Keep fixing old cars or replace them?

This week’s show had someone with a “marital dispute:” She wanted to get a new car while her husband kept repairing their three old cars.

This reminded me of something in Consumer Reports magazine a few years ago: There is a carbon footprint for manufacturing a car. If you calculate the carbon footprint from both manufacturing and driving a fuel efficient car, such as the hybrid Prius, the carbon footprint will be larger than that from maintaining a driving a used car. The reduction in carbon emissions from driving the fuel efficient car is more than offset by the carbon emissions from manufacturing it. If we want to minimize our carbon footprint, it is better to keep used cars maintained and get as much use of them as we can before replacing them with new more fuel efficient cars.

Of course, the caller and her husband could get some used cars that are only a couple of years old.

Those decisions are seldom made on the basis of carbon footprint. The lady who wanted to “kill” the three used cars just wanted to go upscale to a fashionable car with a poor carbon footprint! If she had wanted a Prius or Hyundai Accent, I might have guessed she cared about the environment.

The Society of Automotive Engineers (SAE)has several publications on Life Cycle Enegry Requirements of motor vehicles. Typically, the manufacturing process uses only 15% or so of that Life Cycle Energy.

So, if the Husband has 3 Hummers it would benefit the environment if they were replaced by three economy cars or hybrids. HOWEVER, the Hummers would have to be destroyed, since the next owners of these cars may drive them even MORE!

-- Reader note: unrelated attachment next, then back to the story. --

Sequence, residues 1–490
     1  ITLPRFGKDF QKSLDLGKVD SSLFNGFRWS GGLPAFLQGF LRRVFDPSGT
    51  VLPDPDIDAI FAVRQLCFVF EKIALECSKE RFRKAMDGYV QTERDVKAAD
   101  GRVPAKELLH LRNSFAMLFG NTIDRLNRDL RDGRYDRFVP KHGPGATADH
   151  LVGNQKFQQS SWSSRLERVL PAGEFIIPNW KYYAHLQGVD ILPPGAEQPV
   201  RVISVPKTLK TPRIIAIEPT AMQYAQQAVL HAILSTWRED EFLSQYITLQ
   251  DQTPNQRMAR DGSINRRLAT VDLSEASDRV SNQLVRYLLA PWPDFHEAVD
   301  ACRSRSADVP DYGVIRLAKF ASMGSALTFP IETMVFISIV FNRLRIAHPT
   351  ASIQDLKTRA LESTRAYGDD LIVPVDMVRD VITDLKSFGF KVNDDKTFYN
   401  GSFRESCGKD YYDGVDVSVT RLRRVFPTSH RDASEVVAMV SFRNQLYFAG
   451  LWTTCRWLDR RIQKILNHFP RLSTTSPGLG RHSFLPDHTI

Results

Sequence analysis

I sold a 1988 V8 Chevy in very good condition to a 22 year old guy, and replaced it with a 4 cylinder Toyota. My wife’s environmentally conscious friends praised my “responsible” decision to help save the environment. I did not tell any of them that the single guy would be driving a lot more than me and being GERMAN he first read the owner’s manual from cover to cover and vowed to make the car last a very long time!!

The airline industry has a grave yard somewhere in the West where perfecty good Lockheed L1011s, Douglas DC8s, Boeing 707s are chopped up and become beer cans. The fuel costs make these uneconomical for profitable commercial airline operation.

If your uncle left you an early 70s big block GM or Ford (7 mpg city, 13 mpg highway, very poor driveability), you might just take it to the wrecker and get 2 cents a pound.

I agree with the OP’s premise, and that’s the exact argument I make every time my 1993 Ford Festiva fails emissions, but that argument never seems to persuade those government hardheads. I mean, they’re ‘passing’ dozens of Hummers, Expeditions, Escalades that get 10 - 12 mpg, but my car that gets 38+ mpg; that’s what’s destroying the environment. Shouldn’t I get some kind of extra credit for keeping an old car on the road, and a very fuel efficient one at that.